Headlights by Wilfried Schmidt
New for 2014, the Edelux II
Wilfried Schmidt Maschinenbau of Tübingen, Germany makes several headlights for 6 volt dynamo systems. Their latest is the Edelux II which produces the brightest beam available at 90 lux at 15 kph, the German standard for lux measurement. The beam is shaped much like a high quality automotive low beam, bright at the top then getting progressively dimmer towards the bottom, resulting in extremely even illumination of the road ahead for the cyclist. It puts most of the light further down the road so you can see at a distance when descending a hill, and there's still plenty of light close to the bike. The Edelux II has an all aluminum housing and a high quality hard glass lens instead of a plastic lens, which is common on other headlights. For the winter commuter riding on sanded and salted roads, the Edelux II lens will remain clear for many years without clouding up from sand kicked up by passing cars.
Like the original Edelux, the Edelux II uses a mirror that Schmidt buys from their friends at Busch & Müller. The original Edelux uses the Busch & Müller IQ-Tec mirror, introduced in 2007, and the Edelux II uses the new IQ Tec P mirror, just introduced at Eurobike, August, 2013. This new mirror projects a much wider beam than does the original, about twice the width. Yet, with new brighter LEDs, the lux measurement is still higher. So the road ahead is not only illuminated with a much wider beam, it's also brighter.
But there's one more thing about this new headlight that is just extraordinary. In order to illuminate the road ahead evenly, there needs to be a smooth increase in the projected light from the bottom of the beam to the top. The further the light has to go, the brighter it needs to be at the source (the headlight) in order for the road surface to be evenly lit from the viewpoint of the cyclist. The older Edelux with IQ-Tec reflector did what I thought was an admirable job of producing an evenly lit road surface. But this new beam is even better in that regard, while still being so much wider and taller.
Why is this important? If the road surface close to the rider is brighter than the road at a distance, your eyes will have more difficulty making out details on the road at a distance when you're riding fast or descending a hill. On a fast descent, the further away you can see clearly, the more time you'll have to react to whatever it is you're approaching. Here's a photo of the Edelux II beam from the rider's viewpoint.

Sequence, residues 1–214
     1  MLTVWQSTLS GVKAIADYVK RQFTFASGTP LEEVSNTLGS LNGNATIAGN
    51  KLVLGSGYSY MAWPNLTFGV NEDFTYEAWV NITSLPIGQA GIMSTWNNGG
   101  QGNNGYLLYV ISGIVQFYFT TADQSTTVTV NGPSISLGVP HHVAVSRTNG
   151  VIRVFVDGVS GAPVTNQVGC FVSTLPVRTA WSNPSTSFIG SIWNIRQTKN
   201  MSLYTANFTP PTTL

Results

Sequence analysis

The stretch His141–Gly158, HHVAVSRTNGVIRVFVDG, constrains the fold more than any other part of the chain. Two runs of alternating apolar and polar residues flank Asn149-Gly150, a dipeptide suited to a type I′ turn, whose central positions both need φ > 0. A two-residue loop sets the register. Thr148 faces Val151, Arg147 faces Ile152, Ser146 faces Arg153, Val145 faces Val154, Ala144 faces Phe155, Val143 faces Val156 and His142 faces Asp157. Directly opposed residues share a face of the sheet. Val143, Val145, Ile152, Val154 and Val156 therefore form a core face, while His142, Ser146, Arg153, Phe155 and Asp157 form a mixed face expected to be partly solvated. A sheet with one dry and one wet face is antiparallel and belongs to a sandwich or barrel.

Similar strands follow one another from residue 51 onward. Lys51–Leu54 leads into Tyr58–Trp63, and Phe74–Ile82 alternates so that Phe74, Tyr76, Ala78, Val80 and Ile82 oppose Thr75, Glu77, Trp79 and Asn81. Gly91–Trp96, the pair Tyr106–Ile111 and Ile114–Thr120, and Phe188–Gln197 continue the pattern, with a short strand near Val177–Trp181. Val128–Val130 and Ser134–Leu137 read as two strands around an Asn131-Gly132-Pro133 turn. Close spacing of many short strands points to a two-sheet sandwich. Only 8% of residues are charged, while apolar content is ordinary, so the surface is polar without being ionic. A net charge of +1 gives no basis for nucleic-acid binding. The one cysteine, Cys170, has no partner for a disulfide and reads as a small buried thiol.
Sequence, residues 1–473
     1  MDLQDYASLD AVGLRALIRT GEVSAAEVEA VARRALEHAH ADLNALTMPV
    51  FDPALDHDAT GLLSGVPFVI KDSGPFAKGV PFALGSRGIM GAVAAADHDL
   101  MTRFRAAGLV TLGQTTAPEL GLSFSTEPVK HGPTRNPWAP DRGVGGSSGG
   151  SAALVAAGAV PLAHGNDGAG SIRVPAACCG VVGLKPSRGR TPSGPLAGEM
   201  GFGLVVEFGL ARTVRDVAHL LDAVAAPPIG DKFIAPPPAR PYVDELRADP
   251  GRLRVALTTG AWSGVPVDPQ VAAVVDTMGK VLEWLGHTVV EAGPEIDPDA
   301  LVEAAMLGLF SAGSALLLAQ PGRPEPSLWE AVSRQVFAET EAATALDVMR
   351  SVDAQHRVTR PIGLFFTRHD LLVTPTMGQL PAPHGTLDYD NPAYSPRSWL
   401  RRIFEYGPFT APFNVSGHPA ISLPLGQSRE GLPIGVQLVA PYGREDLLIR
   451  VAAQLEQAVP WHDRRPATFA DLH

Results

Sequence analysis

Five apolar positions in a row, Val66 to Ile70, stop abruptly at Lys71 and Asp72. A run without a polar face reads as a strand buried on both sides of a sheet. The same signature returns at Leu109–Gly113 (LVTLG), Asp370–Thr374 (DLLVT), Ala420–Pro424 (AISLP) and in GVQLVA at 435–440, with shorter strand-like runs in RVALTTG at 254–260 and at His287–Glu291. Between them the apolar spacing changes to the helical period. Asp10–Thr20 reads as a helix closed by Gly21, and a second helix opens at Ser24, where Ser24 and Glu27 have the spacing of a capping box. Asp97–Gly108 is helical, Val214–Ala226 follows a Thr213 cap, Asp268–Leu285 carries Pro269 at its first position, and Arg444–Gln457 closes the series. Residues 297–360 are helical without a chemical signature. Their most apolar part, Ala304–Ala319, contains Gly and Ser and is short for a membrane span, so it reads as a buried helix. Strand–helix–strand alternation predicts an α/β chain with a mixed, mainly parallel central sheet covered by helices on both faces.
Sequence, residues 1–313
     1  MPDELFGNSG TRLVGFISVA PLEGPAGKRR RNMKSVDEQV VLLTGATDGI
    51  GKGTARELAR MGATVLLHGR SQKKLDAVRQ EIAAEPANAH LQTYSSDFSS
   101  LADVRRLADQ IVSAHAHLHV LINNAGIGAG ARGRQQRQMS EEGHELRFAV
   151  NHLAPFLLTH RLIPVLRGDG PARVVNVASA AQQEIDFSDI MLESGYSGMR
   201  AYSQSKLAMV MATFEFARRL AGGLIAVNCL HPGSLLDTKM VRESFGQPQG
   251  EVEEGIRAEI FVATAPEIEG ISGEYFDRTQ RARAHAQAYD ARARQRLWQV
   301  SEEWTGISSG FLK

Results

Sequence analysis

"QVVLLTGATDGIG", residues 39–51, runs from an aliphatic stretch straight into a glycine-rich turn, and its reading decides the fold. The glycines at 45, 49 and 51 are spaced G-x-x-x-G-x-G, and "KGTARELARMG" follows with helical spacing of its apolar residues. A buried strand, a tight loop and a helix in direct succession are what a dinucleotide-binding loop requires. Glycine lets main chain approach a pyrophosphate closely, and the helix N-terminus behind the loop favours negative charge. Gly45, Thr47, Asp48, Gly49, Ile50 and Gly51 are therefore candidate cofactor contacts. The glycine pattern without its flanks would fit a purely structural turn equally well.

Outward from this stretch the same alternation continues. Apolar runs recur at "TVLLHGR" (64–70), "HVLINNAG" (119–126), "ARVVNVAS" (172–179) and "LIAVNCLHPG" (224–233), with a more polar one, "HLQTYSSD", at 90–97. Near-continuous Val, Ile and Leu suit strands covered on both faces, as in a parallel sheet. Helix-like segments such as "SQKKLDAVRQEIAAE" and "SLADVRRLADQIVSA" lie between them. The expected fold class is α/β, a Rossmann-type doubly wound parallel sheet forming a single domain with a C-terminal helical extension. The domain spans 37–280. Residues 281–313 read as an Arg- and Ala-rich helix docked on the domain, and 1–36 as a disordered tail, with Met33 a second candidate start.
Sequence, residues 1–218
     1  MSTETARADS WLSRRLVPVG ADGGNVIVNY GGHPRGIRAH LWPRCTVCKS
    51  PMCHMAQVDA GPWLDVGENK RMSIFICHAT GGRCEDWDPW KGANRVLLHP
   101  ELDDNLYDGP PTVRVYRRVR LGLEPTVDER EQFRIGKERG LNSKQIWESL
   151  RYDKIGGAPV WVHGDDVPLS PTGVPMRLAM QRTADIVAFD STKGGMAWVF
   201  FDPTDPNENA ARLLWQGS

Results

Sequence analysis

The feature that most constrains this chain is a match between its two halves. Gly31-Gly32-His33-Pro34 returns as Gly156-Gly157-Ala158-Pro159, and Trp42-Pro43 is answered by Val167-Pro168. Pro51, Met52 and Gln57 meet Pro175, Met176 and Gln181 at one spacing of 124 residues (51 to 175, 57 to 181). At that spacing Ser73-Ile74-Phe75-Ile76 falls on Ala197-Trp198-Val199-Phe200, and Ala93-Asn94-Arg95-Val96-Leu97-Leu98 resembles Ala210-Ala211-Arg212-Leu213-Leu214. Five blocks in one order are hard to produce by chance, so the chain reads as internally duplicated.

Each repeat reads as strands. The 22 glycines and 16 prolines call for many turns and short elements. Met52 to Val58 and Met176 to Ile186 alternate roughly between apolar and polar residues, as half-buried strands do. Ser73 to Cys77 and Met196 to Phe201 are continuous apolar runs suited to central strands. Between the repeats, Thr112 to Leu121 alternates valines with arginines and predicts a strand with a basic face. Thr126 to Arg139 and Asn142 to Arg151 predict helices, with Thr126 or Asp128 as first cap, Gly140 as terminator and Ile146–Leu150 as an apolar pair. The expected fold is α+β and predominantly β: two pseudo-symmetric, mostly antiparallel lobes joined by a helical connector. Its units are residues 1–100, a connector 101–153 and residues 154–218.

And here's a diagram showing how the beam is projected. "M" is for meters.
The Edelux II is available in polished aluminum finish, silver anodized finish, black anodized finish, and anodized in the same red color as the Rohloff hubs and red SON hubs.
Order the Edelux II with a 60cm wire with 4.8mm connectors for the SON hubs, or with a 140cm wire and loose connectors. You can also specify any length up to 140cm and we will install the connectors for the SON hub for you when you place your order.
Schmidt Edelux II Polished 60cm wire, Part # SCH680600, Price: $
Schmidt Edelux II Silver Anodized 60cm wire, Part # SCH680690, Price: $
Schmidt Edelux II Black Anodized 60cm wire, Part # SCH680610, Price: $
Schmidt Edelux II Red Anodized 60cm wire, Part # SCH680620, Price: $
Schmidt headlights do not include any mount. You must purchase a mount separately. See this page for mounting options. Here's the Edelux II on my Rambouillet. The mount is the Busch & Müller HD Caliper mount.
Edelux II Upside Down
There are two upside down versions!
Both versions make the electrical connection to Ground via the mount. Both versions are available only in the polished finish.
The most popular version has an On/Off switch, 140cm wire, and taillight connections. Unlike the regular Edelux II headlight, there is no Senso function.
Schmidt Edelux II Upside Down Polished with 140cm wire and switch, Part # SCH680001, Price: $ 225.00
If your bicycle has a switch for lights built in, or if you make your own switch, you can use the slightly less expensive version without switch or hard-wire. The bike's switch ought to have connectors for both the Edelux II headlight and the taillight. The headlight comes with connectors to attach to the wires you would run from the switch. Photos of those connectors will be posted soon. No Senso function.
Schmidt Edelux II Upside Down Polished without wire or switch, Part # SCH680000, Price: $ 209.00
Halogen Schmidt E6 Headlight (Close-Out)
The original E6 headlight with glowing ring.
The halogen bulbed E6 headlight is without question the finest halogen headlight for bicycles ever made. While not as bright as the new LED headlights, the projected beam of the E6 is amazing. And many older cyclists prefer the color of the halogen bulb to the color of LED headlights and find it easier to see, even though the total light output is lower.
Here's the later production E6 without the glowing ring, next to the Edelux II. The glowing ring was eliminated because recumbent riders were annoyed by the bright ring almost directly in front of their eyes.
The E6 is available as a Primary or as a Secondary headlight. You may use the two together for the ultimate halogen headlight system. Since halogen headlights don't have as much power as current LED headlights, the halogen beams are narrower to concentrate the available photons. So you can use two E6 headlights and aim them side by side for a wider beam. But the two headlights cannot be identical. They must be wired differently in order to work together.
Use the Primary by itself as the only headlight, or wired in series with the E6 Secondary (E6-Z). Use it with or without a taillight. If you have a wired taillight, use a 2.4 watt bulb. If you use the E6 Primary without a wired taillight, it must have a 3 watt bulb. We have both. When using the Primary with a Secondary, the correct bulb is still determined by whether or not there is a taillight connected to the Primary headlight. The E6 Secondary cannot have a taillight connected and can only be used with a 3 watt bulb.